The shots started to fill up the hoop, and the arena started to fill up with fans. Last offseason, Enfield asked if the team wanted to play against Duke and VCU. Everyone said yes. In November, Miami came to Ft. Myers and the Eagles beat the Hurricanes.
"After that game," Comer said, "we felt we could play with anybody." And Friday, in the moments before the most pressure-packed game in the short history of a university with no football team, Enfield told his players that they were about to realize they were just as good as the Hoyas. In fact, they were better.
"Andy handles stress and tension pretty well," Amanda said at halftime. "I don't handle it quite as well as him."
The cameras found her and Marcum throughout the second half, and she looked just as nervous as the team looked at ease. The rest of the world wondered how FGCU could possibly do this, yet everyone on the court knew the impossible work had already been done. This was just the fun part.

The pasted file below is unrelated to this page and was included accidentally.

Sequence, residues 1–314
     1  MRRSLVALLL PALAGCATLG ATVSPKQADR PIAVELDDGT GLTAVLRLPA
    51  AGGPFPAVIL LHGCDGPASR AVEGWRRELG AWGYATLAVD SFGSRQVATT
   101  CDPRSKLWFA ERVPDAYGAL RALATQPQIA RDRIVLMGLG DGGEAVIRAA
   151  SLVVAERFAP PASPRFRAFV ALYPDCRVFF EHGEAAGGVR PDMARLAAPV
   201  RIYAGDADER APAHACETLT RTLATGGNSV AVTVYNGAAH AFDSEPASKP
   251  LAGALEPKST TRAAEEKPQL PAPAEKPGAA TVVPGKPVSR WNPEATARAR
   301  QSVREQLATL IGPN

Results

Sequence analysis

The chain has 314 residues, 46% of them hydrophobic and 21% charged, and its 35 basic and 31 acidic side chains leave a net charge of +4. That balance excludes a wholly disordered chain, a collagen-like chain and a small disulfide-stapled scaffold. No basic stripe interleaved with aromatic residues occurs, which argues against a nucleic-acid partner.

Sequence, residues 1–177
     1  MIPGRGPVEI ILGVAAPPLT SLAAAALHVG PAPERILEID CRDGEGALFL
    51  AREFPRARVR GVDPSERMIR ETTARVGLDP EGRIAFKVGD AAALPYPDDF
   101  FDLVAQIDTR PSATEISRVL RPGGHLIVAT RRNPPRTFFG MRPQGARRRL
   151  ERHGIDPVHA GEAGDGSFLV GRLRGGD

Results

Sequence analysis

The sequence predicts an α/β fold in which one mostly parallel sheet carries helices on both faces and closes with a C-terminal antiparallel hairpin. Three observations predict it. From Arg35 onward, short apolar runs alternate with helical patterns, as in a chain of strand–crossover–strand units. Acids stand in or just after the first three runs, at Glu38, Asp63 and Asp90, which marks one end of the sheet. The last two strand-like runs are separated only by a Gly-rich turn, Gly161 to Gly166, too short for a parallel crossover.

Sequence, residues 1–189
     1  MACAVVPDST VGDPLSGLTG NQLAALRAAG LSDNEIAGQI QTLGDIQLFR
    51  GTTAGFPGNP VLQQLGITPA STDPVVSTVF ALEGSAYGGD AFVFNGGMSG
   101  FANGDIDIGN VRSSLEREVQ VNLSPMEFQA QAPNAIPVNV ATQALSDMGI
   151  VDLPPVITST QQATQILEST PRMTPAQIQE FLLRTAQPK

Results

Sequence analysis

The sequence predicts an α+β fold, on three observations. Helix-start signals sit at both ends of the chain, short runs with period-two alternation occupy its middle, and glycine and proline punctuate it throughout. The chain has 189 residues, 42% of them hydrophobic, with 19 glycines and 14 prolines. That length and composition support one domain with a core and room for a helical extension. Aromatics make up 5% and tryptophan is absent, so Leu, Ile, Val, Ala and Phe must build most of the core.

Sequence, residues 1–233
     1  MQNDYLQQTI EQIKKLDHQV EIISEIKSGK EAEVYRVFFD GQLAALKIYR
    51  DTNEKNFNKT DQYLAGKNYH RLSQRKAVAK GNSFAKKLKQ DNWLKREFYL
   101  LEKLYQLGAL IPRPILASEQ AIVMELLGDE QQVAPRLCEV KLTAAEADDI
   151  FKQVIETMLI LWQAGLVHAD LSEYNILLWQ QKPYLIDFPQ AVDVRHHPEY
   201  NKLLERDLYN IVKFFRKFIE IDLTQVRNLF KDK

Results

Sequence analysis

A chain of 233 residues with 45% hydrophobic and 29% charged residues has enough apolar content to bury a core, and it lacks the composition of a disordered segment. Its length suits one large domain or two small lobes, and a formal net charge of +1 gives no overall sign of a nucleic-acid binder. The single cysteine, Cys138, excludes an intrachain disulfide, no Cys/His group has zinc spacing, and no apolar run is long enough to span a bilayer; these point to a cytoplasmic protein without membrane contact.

"The whole game," Bernard Thompson said, "I didn't think they'd come back."
Standing in the locker room after the win, Eddie Murray looked around with a giddy gaze on his face. He's from North Ft. Myers, so he remembers what the campus looked like before the arena and the beach and the Enfield Era. The entire school had about 3,000 students back then, less than a quarter of the population now. The basketball team practiced at Edison Community College, Estero High School, Naples Christian, and Gulf Coast High School on the weekends.
"When the arena was first built," Murray said, "there was nothing else around it. Just empty fields."
Fields and dreams.
More NCAA tournament video coverage on Yahoo! Sports:
More NCAA tournament content from Yahoo! Sports:
• Mason Plumlee turns to classic move in win over Albany
• Stiflng D, Brad Stevens make Butler dangerous
• Creighton's Josh Jones has fear of 'dying suddenly'
• UCLA's Shabazz Muhammad older than family once claimed